To listen to the podcast, click here for Apple Podcasts, here for Spotifyhere for Stitcher, here for Google Play or play the Art19 embed below:

Podcast: Denny Hamlin on his business career past, present and future

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PONTE VEDRA BEACH, Fla., — If life as a full-time NASCAR driver hadn’t worked out, Denny Hamlin probably would be selling trailer hitches.

But his family’s business instead sustained the Chesterfield, Virginia, native’s Late Model career, helping secure the breaks to get hired by Joe Gibbs Racing.

Hamlin, 37, has 31 victories through 12-plus seasons in NASCAR’s premier series, and though he plans to race for several more years, he eventually will retire.

What will he be doing then?

Maybe selling trailer hitches.

“I really want to run a day-to-day business,” Hamlin said on the 138th episode of the NASCAR on NBC Podcast about his post-NASCAR career. “I don’t want to be there at 6 a.m. and open the doors, but I want to be there 9 to 3, checking on things, running things, making sure everyone’s happy.

“I just don’t know what kind it is. It might be a trailer shop. I loved going to work at the trailer shop with my dad when I was 17 years old. I knew everything about the business, I knew how to sell trailers. I knew how to build them. I knew how to install the hitches, do all the wiring. I knew how to do everything in that business. Maybe that’s something I go back to when I’m done.”

Hamlin, who had a brief run as the owner of a Charlotte nightclub, said he will open a new hamburger joint (a Little Big Burger franchise) soon near his home in Cornelius, North Carolina.

From left, Billy Horschel, Shannon Miller, Rosa Santos, Mary Lynn Schroeder and Denny Hamlin after Santos was selected by the panel as the winner of a Junior Business Challenge qualifier (Associated Press).

That made him a qualified candidate to help as a judge last week in sponsor FedEx’s Junior Business Challenge (with Junior Achievement Worldwide). The program, which runs in conjunction with PGA Tour events, relies on a high-profile panel to judge business concepts from a group of JA students with entrepreneurial aspirations. In an event before last weekend’s Players Championship, Hamlin judged entries along with Olympic medal gymnast and PGA golfer Billy Horschel (who joined Hamlin on the podcast).

In his evaluation, the 2016 Daytona 500 winner probably applied some lessons from his teenage years working for his father.

“I’d always complain to him that our business says we close at 5 o’clock, and yet if someone pulls in at 5:02 and needs something fixed on their trailer, if we’re here, we’re working,” he said. “The hours on the door were theoretical. He was all about making the customer happy. I don’t care how long it takes, we’re going to stay here and finish the job.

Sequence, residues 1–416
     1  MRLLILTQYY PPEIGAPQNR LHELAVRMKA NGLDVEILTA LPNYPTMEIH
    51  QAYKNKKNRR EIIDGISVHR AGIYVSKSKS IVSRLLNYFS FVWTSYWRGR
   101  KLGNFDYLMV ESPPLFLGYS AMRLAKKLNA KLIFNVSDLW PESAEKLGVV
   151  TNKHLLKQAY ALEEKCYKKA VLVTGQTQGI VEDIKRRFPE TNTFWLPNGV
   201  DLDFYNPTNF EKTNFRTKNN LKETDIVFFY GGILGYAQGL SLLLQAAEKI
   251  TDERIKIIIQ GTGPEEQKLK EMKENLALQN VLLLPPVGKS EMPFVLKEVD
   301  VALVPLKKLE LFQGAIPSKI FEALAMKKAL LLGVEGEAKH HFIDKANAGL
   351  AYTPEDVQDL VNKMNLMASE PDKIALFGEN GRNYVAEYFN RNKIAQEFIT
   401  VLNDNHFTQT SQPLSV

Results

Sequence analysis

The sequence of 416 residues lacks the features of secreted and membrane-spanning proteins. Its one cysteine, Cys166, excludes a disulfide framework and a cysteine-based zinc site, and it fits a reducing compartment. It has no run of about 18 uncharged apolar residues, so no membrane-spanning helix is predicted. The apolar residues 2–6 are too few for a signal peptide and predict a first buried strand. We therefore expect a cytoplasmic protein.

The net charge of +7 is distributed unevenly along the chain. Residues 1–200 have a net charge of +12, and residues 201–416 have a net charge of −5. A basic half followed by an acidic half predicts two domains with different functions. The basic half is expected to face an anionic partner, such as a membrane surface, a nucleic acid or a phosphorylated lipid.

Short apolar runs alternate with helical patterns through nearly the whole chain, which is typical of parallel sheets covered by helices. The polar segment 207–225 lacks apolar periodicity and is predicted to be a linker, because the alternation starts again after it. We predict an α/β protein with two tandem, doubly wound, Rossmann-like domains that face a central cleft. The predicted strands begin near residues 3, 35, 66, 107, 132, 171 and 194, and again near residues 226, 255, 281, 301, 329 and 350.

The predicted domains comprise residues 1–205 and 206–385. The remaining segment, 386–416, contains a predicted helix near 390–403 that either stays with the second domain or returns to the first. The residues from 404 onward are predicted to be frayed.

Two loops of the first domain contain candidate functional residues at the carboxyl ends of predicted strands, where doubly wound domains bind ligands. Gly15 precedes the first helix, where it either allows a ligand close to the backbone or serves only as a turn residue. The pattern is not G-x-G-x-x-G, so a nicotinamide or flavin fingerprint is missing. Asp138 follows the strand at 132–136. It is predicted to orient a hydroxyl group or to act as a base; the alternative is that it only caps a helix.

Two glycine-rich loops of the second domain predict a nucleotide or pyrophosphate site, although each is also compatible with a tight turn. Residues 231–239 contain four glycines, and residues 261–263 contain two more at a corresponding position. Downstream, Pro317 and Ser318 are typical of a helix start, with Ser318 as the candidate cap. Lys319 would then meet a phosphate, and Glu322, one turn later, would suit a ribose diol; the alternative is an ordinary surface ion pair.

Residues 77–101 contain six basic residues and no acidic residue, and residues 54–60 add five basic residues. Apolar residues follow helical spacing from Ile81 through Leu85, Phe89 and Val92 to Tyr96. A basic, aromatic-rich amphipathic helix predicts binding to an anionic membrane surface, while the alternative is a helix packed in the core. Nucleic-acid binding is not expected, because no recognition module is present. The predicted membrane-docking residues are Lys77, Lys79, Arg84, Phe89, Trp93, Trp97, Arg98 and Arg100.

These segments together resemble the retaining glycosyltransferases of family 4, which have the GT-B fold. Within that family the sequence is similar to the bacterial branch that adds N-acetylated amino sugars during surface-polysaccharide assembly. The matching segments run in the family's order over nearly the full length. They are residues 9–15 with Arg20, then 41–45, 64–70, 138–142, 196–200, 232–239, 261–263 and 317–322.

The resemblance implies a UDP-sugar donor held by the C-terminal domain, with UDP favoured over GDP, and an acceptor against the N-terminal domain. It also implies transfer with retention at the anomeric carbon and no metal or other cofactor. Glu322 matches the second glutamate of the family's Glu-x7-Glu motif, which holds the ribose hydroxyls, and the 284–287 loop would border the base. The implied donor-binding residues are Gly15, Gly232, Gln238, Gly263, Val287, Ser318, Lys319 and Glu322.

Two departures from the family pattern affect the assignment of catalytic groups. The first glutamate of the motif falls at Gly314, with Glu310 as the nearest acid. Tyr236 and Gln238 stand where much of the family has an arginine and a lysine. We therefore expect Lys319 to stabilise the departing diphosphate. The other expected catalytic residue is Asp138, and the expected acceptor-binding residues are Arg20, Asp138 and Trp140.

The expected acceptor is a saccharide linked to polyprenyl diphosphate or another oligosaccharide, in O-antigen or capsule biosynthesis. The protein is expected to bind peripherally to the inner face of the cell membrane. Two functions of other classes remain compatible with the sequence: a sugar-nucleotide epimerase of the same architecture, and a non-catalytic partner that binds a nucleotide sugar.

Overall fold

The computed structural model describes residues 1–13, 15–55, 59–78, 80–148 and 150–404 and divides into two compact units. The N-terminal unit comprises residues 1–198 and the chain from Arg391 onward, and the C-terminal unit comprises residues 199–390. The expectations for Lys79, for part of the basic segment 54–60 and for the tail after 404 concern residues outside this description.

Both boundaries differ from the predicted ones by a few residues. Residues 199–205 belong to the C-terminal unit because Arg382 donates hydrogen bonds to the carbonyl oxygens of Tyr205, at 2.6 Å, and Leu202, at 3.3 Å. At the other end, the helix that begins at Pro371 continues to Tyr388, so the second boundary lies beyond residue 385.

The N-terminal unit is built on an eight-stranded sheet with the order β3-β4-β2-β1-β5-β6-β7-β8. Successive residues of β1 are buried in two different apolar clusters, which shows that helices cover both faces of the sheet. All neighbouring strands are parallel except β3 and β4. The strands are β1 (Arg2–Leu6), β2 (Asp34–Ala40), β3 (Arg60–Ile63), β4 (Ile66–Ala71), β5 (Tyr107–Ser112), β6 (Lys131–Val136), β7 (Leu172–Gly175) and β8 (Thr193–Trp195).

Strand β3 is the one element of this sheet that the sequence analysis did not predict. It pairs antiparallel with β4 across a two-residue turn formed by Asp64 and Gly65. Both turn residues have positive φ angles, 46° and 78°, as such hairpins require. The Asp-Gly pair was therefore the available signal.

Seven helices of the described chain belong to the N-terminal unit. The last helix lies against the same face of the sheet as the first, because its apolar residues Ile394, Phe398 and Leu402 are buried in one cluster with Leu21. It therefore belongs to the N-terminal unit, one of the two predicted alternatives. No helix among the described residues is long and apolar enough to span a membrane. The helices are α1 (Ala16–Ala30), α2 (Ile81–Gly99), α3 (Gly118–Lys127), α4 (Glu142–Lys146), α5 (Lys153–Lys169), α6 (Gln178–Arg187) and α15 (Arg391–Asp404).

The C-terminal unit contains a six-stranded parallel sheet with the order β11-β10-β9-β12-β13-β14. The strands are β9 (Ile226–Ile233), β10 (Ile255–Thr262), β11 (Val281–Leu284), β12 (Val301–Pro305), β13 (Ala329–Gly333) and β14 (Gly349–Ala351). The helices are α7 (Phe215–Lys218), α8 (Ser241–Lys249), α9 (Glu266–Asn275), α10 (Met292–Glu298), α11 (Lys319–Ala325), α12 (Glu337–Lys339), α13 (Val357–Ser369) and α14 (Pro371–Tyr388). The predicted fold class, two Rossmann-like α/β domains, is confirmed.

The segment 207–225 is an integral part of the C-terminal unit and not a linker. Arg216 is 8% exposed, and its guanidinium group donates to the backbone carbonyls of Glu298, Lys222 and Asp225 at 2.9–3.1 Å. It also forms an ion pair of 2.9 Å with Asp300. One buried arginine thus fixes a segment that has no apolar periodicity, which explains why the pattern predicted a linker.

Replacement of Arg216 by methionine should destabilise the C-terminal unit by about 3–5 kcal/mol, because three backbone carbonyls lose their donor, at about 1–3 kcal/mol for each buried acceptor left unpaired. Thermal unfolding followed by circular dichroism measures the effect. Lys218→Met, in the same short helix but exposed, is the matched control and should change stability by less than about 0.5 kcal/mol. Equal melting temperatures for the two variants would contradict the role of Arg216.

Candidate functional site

“If we told someone we get it done on this day, then it’s done. Whatever it takes. People really came back to our business a lot because of my dad and his mentality that they knew we’ll do the job and fix it no matter what the hours were. That hard work was infectious and reminded me that if I ever got back into running a business it would be that type of feeling of going to your buddy’s place to get your stuff fixed, not a business.”

But Hamlin, who signed a multiyear contract extension with JGR before last season, said he doesn’t have a timeline for when he’ll return to regular hours.

“The current contract goes quite a ways, and I probably want to do one more after that,” he said. “As long as I can win races, be competitive and be up front, I don’t know how long I’ll race.

“But I want to be busy outside racing. I’ll be stir crazy. I can only play golf so much. Basketball, my body will only go so long.”

In the podcast, Hamlin also discusses:

–His 2018 season, in which decent speed has been muted by a lack of execution (such as speeding penalties);

–How the professional rhythm of a golfer differs from a race car driver (with Horschel also offering his perspective);

–The return of Matt Kenseth and how JGR has adapted without him;

–What Denny would shoot at TPC Sawgrass.

To listen to the podcast, click here for Apple Podcasts, here for Spotifyhere for Stitcher, here for Google Play or play the Art19 embed below: